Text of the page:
The IIFH Grad Innovator Fellowship provides candidates with the opportunity to tackle real-world challenges using their technical expertise to explore successful venture capital investment in research, breakthroughs and startups. This spring, Paul Kasemsap and Xingzhu Wu will join FoodShot Global and The March Fund respectively to gain first-hand experience on what it takes to succeed, then apply that knowledge to develop and de-risk their own potential innovations in protein sustainability, and nutritional supplements. Applications for upcoming fellowships are now open (due May 15, remote option): https://foodaghealth.solutions
Working against the climate clock on creative protein solutions
Pornpipat “Paul” Kasemsap has always had a passion for optimizing agricultural systems. As a PhD candidate in Horticulture and Agronomy with Dr. Arnold Bloom at UC Davis, he has come to understand the complexity of food production. Along the way Kasemsap’s higher education journey provided many opportunities to explore food production in diverse regions of the world such as Thailand, the Netherlands, and then California. Now he combines the different fields of genetics, crop physiology, and agricultural management to optimize plants as a food source.
As a Fulbright Scholar pursuing research in international collaborative environments, Kasemsap is well positioned to develop solutions for the grand challenge of feeding tomorrow’s global population with today’s limited resources. He believes that working with FoodShot Global as a 2020 Innovator Fellow is an essential step toward this ambitious goal. Kasemsap will join the investment platform in advancing a Precision Protein System, where science, technology, investment and innovation are deployed across protein sectors to deliver the maximum benefits to human and planetary health while minimizing resource inputs. “Of course, there is no single solution,” he says. “We need to exchange knowledge across different approaches, and then I am hopeful of democratizing access to sufficient, nutritious protein at a global scale.”
FoodShot is a collaborative investment platform of innovators, investors, industry leaders and advocates working to empower bold ideas and innovative companies that accelerate the transformation to a healthy, sustainable, and equitable food system. FoodShot’s integrated capital continuum awards over $500K in non-dilutive funding via the GroundBreaker Prize, as well as up to $10M of equity or debt investment for innovative businesses. Kasemsap’s experience working with agronomists, breeders, plant physiologist and geneticists will help explore improvements to protein nutrition and sustainability in pursuit of FoodShot’s plans for better human, animal, societal, and planetary health outcomes – including considerations for crops, seafood, meat, and emerging alternative proteins like algae, mushrooms, and cell-based meat.
This aligns with Kasemsap’s human health focus on nutritional solutions to come from future food crops, which will have to be adapted to anticipated climate conditions. Kasemsap and his research colleagues are concerned that expected atmospheric carbon dioxide (CO2) concentrations over the coming decades will have a negative influence on global food and nutrition security by interfering with a plant’s ability to assimilate nitrate into protein. As a consequence, the protein content of food crops may decrease by as much as 15% as CO2 continues to rise.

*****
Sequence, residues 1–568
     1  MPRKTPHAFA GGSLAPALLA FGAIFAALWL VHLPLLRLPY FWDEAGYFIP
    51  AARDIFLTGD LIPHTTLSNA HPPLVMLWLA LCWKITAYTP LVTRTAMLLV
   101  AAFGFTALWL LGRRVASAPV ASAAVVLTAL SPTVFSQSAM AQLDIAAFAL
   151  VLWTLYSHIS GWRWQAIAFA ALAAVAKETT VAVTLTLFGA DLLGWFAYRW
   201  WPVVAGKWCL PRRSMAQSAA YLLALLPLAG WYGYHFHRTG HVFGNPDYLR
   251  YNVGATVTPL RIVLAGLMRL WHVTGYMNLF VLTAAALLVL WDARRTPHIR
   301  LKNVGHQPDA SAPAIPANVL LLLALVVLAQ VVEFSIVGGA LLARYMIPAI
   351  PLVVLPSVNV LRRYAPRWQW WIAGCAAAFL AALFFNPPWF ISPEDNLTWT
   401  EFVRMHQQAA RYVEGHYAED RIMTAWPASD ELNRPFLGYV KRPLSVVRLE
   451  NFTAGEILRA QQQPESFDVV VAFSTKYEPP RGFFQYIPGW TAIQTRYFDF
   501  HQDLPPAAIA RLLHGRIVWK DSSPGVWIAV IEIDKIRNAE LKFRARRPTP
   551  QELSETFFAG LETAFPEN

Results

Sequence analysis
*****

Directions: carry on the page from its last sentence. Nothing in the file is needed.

“Scientists are getting better at communicating their findings to the public. But communication is a two-way interaction. In order to meet global food challenges, we need the public to be engaged and responsive to the issues at hand.” — Paul Kasemsap, 2020 IIFH-FoodShot Innovator Fellow
Empowering Nutrition Accessibility with Fruit-based Dietary Supplements
Reducing waste and improving health with innovative new products
Depending on the variety, peels can account for up to 50% of a fruit’s weight and usually go unutilized, but the potential health benefits from peels include obesity control and the possible amelioration of cardiovascular diseases. As a PhD candidate with Dr. Zhongli Pan in Biological System Engineering at UC Davis, Xingzhu Wu creates sustainable dietary supplements from fruit peels that would otherwise be waste by-products from fruit and juice consumption. He is fascinated by research into food processing and plant-based bioactive compounds, and specifically focuses on pomegranate antioxidants and fibers.
The extracted pomegranate products constitute more than 10% of the peel by weight via an efficient and environmentally sound extraction process. Their ability to aid body weight management and liver lipid metabolism under standard high fat western diets has now been proven. Antioxidant-based fortified foods have also been developed to improve nutrient consumption among health-conscious consumers, including Greek-style yogurt and whole wheat bread. Scalable plant-based supplements and related fortified foods seem viable as nutritional enhancements to cope with the increasing demand for dietary improvements.